- The IRS may allow you to make payments until this collection period expires.
- If you’re in this situation, you may qualify for an Offer in Compromise to settle your taxes.
Before considering an IRS installment agreement review the notice and make sure you owe the amount the IRS claims.
If you do not think the tax liability is correct, you have the right:
- To pay only the amount of tax legally due, including interest and penalties
- To have the IRS apply for all tax payments properly.
If you’ve received an IRS notice, call us at 844-888-1040 to discuss the amount the IRS CLAIMS you owe. Don't ignore an IRS notice or a tax lien that can be filed.
Prepare for the IRS installment agreement
Before you request an installment agreement, you should:
1) File all required tax returns (even if you can’t pay)
- The IRS will only agree to an installment agreement if you are in full compliance. This means you have filed all your tax returns and made estimated tax payments or payroll tax deposits, if necessary.
- Once you’ve entered into an agreement, you must stay in full compliance or your installment plan may default.
2) Review your finances to calculate what you can afford to pay monthly.
Consider Other Ways to Pay
See if you are able to borrow from a bank or a member of your family to pay the balance
If you can, it will probably be cheaper because the IRS charges you interest even when you’re on a payment plan.
By paying the IRS off with a short-term payment plan, you can avoid some penalties and interest.
Documentation: The IRS may ask you for supporting documents for your income, expenses, and other amounts you owe (For example, Home and car loan payments, other obligations.)
The IRS publishes and uses national and local standards to determine allowable monthly expenses and arrive at the appropriate monthly payment.
If you feel you should be allowed more than the standard amount, provide reasoning with your application.
The Six-Year Rule: Generally, if you only owe individual income tax, you may qualify for the Six (6) Year Rule. You’d need to provide financial information but not proof of reasonable expenses.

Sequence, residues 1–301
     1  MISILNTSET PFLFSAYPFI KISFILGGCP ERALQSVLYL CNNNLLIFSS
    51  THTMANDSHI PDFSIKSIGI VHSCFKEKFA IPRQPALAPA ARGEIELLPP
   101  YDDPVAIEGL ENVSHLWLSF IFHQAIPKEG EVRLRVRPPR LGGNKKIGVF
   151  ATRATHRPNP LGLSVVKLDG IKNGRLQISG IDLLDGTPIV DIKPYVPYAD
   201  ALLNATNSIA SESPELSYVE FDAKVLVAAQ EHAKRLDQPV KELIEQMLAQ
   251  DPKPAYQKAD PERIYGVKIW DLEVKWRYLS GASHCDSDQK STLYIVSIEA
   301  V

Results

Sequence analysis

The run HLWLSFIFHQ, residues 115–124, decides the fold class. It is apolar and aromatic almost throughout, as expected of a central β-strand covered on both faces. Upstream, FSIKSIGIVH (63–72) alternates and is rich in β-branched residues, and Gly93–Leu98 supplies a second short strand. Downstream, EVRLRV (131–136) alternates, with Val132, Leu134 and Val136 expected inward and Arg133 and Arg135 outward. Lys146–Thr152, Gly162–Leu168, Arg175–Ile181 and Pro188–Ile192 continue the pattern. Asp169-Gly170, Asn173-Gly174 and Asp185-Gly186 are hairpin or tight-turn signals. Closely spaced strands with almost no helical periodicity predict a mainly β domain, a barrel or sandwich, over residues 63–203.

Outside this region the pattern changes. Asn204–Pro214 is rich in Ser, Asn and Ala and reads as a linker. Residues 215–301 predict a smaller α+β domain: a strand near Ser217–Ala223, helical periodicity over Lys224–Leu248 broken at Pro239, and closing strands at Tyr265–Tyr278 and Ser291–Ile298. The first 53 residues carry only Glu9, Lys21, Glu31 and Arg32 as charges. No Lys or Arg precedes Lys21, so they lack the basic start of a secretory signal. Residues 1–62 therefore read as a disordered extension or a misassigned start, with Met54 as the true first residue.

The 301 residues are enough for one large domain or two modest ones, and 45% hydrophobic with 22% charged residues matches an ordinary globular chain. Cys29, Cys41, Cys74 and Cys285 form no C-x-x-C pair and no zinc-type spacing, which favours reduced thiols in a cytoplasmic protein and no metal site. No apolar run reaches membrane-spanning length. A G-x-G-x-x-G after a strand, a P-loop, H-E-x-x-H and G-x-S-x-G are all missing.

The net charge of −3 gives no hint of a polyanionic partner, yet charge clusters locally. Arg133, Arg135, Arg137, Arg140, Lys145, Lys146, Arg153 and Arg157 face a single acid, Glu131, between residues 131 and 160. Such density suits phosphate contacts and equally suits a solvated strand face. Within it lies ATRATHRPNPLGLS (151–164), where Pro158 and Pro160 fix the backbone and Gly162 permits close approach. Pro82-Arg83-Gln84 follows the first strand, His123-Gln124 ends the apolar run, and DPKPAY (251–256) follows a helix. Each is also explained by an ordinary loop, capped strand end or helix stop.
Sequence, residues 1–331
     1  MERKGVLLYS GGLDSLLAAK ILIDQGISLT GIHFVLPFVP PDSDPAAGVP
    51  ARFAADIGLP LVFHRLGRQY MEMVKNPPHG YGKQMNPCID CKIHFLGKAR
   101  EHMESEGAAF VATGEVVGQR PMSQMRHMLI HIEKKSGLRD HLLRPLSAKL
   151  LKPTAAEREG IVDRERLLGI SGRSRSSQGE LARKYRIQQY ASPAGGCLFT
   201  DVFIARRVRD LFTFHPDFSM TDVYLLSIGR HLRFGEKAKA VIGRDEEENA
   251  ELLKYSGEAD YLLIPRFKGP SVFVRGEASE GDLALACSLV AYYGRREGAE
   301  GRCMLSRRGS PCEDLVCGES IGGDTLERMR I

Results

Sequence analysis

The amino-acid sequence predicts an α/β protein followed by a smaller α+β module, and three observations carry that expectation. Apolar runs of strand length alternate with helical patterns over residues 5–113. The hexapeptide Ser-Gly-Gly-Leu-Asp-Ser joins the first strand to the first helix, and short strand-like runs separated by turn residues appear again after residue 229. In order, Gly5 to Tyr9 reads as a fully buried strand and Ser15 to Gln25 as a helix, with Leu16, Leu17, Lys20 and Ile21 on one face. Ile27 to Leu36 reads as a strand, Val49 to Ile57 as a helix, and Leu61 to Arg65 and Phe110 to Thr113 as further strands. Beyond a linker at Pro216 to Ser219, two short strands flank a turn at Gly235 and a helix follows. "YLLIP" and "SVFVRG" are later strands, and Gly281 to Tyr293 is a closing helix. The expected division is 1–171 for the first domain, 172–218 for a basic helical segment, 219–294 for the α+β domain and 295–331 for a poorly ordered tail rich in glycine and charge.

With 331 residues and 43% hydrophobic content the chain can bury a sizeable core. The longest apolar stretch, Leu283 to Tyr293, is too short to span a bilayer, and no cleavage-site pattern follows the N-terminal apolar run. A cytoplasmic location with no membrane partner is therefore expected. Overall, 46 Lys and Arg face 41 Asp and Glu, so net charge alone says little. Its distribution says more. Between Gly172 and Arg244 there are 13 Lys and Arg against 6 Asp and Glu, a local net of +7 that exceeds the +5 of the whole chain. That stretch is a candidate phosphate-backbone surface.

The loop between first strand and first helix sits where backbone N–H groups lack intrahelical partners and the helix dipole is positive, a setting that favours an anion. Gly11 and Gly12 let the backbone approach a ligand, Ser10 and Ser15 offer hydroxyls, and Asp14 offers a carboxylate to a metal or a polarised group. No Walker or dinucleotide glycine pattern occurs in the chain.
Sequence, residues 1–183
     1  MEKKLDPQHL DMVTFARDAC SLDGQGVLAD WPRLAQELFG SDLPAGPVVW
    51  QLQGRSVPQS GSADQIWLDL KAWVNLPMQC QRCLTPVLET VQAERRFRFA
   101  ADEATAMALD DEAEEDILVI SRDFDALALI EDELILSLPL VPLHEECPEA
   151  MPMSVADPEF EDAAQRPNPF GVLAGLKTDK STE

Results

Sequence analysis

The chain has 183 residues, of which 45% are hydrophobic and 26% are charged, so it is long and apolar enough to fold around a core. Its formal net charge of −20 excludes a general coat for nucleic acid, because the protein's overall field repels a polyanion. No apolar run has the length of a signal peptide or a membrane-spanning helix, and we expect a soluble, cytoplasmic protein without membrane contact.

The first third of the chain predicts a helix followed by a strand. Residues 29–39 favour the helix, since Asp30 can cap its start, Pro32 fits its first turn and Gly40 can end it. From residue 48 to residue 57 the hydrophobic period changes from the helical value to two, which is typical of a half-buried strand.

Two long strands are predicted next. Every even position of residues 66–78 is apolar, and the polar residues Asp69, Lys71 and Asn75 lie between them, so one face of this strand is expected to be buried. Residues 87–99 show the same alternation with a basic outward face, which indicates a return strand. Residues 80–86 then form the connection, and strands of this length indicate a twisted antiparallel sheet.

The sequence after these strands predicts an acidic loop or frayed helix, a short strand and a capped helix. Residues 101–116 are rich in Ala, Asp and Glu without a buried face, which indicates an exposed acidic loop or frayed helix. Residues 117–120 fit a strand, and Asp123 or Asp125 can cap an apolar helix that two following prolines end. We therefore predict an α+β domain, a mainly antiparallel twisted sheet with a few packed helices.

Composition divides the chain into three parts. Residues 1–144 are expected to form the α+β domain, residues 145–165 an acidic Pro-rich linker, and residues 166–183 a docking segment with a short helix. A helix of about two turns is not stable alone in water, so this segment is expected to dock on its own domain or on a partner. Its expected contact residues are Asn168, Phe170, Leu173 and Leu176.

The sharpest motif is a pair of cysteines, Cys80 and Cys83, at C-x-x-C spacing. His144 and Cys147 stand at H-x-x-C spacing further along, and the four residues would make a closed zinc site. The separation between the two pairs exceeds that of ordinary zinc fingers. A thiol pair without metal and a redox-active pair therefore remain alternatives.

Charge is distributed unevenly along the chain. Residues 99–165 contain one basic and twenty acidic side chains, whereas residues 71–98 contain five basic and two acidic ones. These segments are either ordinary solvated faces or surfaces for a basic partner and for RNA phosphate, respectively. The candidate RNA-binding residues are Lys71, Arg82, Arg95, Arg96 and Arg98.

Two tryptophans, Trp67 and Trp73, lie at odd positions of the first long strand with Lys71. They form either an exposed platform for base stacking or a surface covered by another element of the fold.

You must stay current with all filing and payment requirements.
This includes projected penalties and interest on the tax debt.
The installment payment to the IRS NORMALLY must be paid:
- within six years (72 months)
- within the collection statute date
The One Year Rule: If you are unable to pay your debt in full within six years, you may be given up to one year to modify unnecessary expenses.
By eliminating needless expenses, you may be able to pay the liability within the six-year limit.
Fortunately, taxpayers are allowed to put in place an IRS installment plan for taxes owed.
We solve tax problems daily with solutions such as an IRS installment plan.
We can help set up a payment plan for tax debt owed that you can afford.
UNDERSTANDING IRS TAX PAYMENT PLANS
For taxpayers who are in debt but cannot pay it all off immediately, the IRS offers choices. An IRS payment plan is frequently the best way for taxpayers to resolve their tax problem.
The IRS tax payment plan enables people with unpaid federal taxes to repay their debt over time without facing escalating collection efforts. There are various IRS tax payment plans that are accepted by the IRS, including:
Guaranteed installment agreement plan
Streamlined installment agreements
Offers in Compromise
Partial payment installment agreements
The IRS payment plan you choose will depend on your financial position, the amount of taxes you owe, and other factors. The two main types of IRS tax payment plans are short-term and long-term payment plans.